The company got a controversial federal loan package written by the Trump administration during the COVID-19 pandemic, when the White House declared the company an essential business and Yellow spent the cash to buy hundreds of new tractors and trailers to upgrade its fleet. The Teamsters, at the time, hailed it as a job-saving measure.

As part of the deal, the federal government assumed a 30% equity stake in the company.

Yellow has about a 10% market share of the LTL marketplace, and it carries a substantial amount of freight for the Department of Defense and the government’s General Services Administration.

Earlier this month, Yellow agreed to pay a $50 million health care payment reimbursement in August to the Central States Pension Fund. The company went along with the arrangement to avoid an almost certain strike by the Teamsters, whose members said they would not work if they did not have health insurance.

Analysts with financial services firm Stephens wrote recently that Yellow is burning through as much as $10 million a day in cash and was hemorrhaging business in the LTL sector. They said the threat of a strike left Yellow “mortally wounded” and the company was near the “end of the road.”

Yellow’s competitors see an opening for new business.

Fort Smith, Ark.-based ArcBest, the parent company of rival ABF Freight, reported in its last earnings call that it has seen an increase of more than 10% in freight, largely because shippers are moving their business to them.



ArcBest ranks No. 12 on the for-hire TT100. 

“It is evolving daily, what we are experiencing,” ArcBest CEO Judy McReynolds said. “We can handle that good business and make sure it is working well within the network.”

Even before this latest crisis, Michigan State’s Miller points to Yellow’s financial statements dating to 2014 as evidence the company has been losing LTL market share for the past 10 years.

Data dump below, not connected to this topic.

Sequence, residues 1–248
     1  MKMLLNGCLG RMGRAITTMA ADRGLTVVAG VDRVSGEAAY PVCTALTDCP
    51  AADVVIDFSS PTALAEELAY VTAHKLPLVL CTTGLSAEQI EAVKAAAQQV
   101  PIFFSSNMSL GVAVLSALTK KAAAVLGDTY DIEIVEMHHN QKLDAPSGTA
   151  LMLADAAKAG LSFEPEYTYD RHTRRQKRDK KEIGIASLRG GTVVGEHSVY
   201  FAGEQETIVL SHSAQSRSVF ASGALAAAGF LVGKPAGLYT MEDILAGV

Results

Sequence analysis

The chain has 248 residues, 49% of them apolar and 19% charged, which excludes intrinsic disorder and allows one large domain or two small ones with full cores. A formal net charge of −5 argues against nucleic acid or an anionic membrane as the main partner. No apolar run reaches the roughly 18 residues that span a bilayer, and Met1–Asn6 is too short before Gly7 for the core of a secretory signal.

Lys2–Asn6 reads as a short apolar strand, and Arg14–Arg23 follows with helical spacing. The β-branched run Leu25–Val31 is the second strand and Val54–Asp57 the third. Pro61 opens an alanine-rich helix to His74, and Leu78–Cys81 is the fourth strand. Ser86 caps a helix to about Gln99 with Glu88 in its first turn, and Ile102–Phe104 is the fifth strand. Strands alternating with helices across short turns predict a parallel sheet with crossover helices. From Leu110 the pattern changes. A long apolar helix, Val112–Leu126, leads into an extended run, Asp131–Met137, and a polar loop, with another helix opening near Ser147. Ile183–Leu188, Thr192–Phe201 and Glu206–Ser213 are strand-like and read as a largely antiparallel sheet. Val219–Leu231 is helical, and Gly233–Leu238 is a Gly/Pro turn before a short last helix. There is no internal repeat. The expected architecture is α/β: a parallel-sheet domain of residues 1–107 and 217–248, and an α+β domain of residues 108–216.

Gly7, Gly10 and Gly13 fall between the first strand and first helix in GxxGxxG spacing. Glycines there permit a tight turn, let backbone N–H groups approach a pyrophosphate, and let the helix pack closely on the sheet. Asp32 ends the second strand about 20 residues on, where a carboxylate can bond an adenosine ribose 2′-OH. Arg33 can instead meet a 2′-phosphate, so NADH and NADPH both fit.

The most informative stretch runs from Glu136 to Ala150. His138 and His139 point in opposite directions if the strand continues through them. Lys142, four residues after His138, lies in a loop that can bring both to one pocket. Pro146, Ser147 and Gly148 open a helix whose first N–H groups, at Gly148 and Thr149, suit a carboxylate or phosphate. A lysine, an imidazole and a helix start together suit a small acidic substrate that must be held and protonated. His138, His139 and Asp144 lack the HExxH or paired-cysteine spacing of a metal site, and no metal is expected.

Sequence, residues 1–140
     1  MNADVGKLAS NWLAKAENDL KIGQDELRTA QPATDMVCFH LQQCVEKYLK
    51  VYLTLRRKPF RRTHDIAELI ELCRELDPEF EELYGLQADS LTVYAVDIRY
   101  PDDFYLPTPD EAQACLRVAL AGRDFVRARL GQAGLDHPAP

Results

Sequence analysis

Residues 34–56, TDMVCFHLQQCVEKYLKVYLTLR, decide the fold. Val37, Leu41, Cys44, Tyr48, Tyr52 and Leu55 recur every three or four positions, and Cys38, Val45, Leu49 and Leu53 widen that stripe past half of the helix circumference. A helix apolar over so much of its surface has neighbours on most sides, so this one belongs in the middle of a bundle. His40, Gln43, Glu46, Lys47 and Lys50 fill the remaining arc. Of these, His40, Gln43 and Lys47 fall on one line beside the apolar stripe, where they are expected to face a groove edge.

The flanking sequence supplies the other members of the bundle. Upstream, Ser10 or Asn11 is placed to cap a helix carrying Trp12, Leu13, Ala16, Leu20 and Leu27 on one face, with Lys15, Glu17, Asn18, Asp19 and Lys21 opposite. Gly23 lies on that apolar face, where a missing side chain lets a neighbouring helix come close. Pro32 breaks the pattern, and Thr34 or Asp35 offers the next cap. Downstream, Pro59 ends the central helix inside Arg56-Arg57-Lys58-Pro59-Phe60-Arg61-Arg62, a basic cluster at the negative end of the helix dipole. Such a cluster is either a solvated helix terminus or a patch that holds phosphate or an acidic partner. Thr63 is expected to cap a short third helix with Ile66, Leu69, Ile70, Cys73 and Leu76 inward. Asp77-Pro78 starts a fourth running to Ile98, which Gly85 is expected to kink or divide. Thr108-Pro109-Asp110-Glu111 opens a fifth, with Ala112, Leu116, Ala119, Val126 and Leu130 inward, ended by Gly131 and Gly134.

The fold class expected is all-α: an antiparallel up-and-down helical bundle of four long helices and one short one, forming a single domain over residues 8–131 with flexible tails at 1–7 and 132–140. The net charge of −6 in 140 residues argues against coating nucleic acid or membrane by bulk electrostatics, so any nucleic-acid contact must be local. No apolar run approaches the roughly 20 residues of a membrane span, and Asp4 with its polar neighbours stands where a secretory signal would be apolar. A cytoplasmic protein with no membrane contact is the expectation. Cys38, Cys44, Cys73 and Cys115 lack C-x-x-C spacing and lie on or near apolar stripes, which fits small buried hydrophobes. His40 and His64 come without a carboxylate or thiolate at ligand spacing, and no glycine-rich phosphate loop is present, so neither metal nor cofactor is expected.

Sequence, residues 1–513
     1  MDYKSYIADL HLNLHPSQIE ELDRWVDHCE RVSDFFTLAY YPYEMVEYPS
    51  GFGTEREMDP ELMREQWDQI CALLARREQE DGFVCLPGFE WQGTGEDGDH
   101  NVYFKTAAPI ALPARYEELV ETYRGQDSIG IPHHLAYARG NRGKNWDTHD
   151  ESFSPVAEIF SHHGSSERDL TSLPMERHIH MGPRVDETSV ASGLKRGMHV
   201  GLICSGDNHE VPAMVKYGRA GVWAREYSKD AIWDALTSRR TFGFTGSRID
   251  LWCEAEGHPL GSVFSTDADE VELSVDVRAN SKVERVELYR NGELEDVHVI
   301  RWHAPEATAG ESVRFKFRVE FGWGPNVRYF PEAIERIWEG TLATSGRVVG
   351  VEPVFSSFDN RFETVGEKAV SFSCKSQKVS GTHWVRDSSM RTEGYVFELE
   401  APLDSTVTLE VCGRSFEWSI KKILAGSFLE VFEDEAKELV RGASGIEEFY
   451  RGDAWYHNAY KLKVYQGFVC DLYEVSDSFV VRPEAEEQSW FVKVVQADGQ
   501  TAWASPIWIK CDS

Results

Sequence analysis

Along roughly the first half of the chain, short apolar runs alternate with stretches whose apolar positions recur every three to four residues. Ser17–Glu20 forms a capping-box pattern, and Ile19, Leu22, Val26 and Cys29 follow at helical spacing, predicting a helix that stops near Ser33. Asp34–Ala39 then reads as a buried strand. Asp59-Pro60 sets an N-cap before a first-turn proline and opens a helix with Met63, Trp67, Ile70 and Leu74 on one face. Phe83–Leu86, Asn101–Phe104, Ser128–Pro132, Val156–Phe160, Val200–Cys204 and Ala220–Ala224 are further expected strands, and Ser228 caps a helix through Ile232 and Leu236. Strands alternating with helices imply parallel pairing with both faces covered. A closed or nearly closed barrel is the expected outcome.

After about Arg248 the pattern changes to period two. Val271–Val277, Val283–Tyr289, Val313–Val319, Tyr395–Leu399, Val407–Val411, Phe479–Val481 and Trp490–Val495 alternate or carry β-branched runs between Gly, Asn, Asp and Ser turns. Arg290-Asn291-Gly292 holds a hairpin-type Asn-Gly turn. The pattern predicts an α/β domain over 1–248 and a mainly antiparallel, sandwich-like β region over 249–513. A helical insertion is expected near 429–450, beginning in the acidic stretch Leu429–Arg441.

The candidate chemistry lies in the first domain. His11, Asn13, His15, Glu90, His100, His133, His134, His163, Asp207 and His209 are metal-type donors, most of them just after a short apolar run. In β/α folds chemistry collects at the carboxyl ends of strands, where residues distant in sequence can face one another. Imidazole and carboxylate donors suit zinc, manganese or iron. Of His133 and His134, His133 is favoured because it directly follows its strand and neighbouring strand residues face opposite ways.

The company said in a 2014 financial report it was handling 58,280 tons of freight per workday across its network in 2013. But by 2022, the figure had dropped by 47.8% to 30,460.

In its first-quarter financial report, which was published three months before the possible union walkout, Yellow said it had a 12% year-over-year drop in LTL tonnage to 27,430 tons per day and the company’s operating ratio increased to 100.8 from 99.3.

Operating ratio measures a company’s expenses as a percentage of revenue and determines efficiency. The lower the ratio, the greater the company’s ability to make a profit. An operating ratio that’s more than 100 means the company is not generating enough revenue to cover operating expenses and have sufficient money to service its debt or provide a return to shareholders.

In the first quarter, Yellow saw its revenue decline by nearly 8% year-over-year and income dropped and the company posted a quarterly loss of $54.6 million, compared to a loss of $27.5 million in the same period of 2022.

Meanwhile, American Trucking Associations says it has created a website to assist the 30,000 former Yellow employees with finding new jobs in the trucking industry and keeping their careers moving.

"Our message to former Yellow employees is that we want them to remain a part of the industry that they have done so much to build and strengthen.  That is why the ATA is launching a new portal to connect former employees with prospective employers who are eager to utilize their unique and in-demand skills and experience,” ATA President Chris Spear said.

ATA said providing this information is completely voluntary and it will be shared only with ATA members and not with third-party vendors.